Here is my next model, a 1:10 scale replica of the BMW X3. This model was made as a non-exclusive commission. It is my first model that uses SBricks to control the model.
My customer wanted to have a model that would have both a manual mode as well as an RC mode. And since the BMW X3 is a four wheel drive car with multiple drivetrain settings he would like to get that replicated as well. So inside there are four motors that are used to drive (2L motors), steer (1 M motor) and select the drive mode (1 servo motor).
The drive modes that can be selected are:
rear wheel drive
rear drive with driven center differential (effectively giving a 75-25 power distribution between rear and front axle)
four wheel drive
Next to the motors the model is also equipped with eight LEDs for the front and rear lights. The outer LEDs function as indicator lights as well as normal lights. Everything is controlled through an SBrick profile on your smartphone.
PDF Instructions are available in my webshop. JaapTechnic has made stickers for this model, these are available on his website. The partslist can be found on Rebrickable. A custom profile for the SBricks can be found on the SBrick site.
This time I have a model that is different in many ways. It may look like just another 1:10 scale LEGO Technic supercar, but it’s conception, the execution and what will happen to it are all different than normal.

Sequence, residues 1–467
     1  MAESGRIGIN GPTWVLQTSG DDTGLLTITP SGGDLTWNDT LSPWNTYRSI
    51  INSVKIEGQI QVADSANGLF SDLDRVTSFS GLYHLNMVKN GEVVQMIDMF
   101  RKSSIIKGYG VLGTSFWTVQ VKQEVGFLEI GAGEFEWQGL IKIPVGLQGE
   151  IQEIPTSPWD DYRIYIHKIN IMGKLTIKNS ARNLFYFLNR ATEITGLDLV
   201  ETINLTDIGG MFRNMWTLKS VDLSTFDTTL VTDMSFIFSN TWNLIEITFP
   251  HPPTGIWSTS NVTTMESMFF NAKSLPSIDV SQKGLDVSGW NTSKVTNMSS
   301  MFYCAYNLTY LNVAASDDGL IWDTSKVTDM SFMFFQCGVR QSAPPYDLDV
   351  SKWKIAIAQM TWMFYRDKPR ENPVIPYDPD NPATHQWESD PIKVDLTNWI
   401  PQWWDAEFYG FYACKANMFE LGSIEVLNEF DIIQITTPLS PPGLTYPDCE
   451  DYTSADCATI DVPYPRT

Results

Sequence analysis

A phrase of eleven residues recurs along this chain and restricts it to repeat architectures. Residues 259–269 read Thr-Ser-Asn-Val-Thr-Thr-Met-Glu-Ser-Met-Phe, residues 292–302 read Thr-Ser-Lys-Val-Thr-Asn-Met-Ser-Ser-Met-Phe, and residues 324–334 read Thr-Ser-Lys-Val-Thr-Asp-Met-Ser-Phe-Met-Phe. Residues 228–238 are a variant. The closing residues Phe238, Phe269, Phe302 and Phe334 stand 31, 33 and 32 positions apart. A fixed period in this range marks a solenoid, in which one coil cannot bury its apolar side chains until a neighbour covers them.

It all started in May 14th 2018 when I sent a message to Grum64, a member of the Eurobricks forum. Grum64 is posting detailed accounts of the process of him building official LEGO Technic sets.
Now you could think that this is something many people do, but the special thing about him is that he is a C4/C5 tetraplegic. In layman terms, he is paralyzed from the neck down. Despite this massive handicap he has a cheerful, buoyant take on life. Even though it takes him weeks to assemble a set that I can build in a couple of hours, he keeps his spirits high and shows incredible determination to get the task done.
So when he finished the largest LEGO Technic model in existence at the time I sent him a message that I wanted to design something for him as a token of respect for him. I told him in the same message that I wouldn’t take no for an answer, since he is the kind of guy that would refuse such an offer.
As predicted he wanted to refuse, but since I didn’t give him that option he instead proposed to design a model and then auction it for charity. I agreed on the condition that he would determine the model. After careful deliberations he chose the Pagani Huayra.
We than quickly settled on the colourscheme of the BC version and the design could start. I don’t know whether it was due to the special circumstances, or because of the design of the real car, but I have never had a design that was such a joy to work on. From day one the design simply flowed from my fingerprints.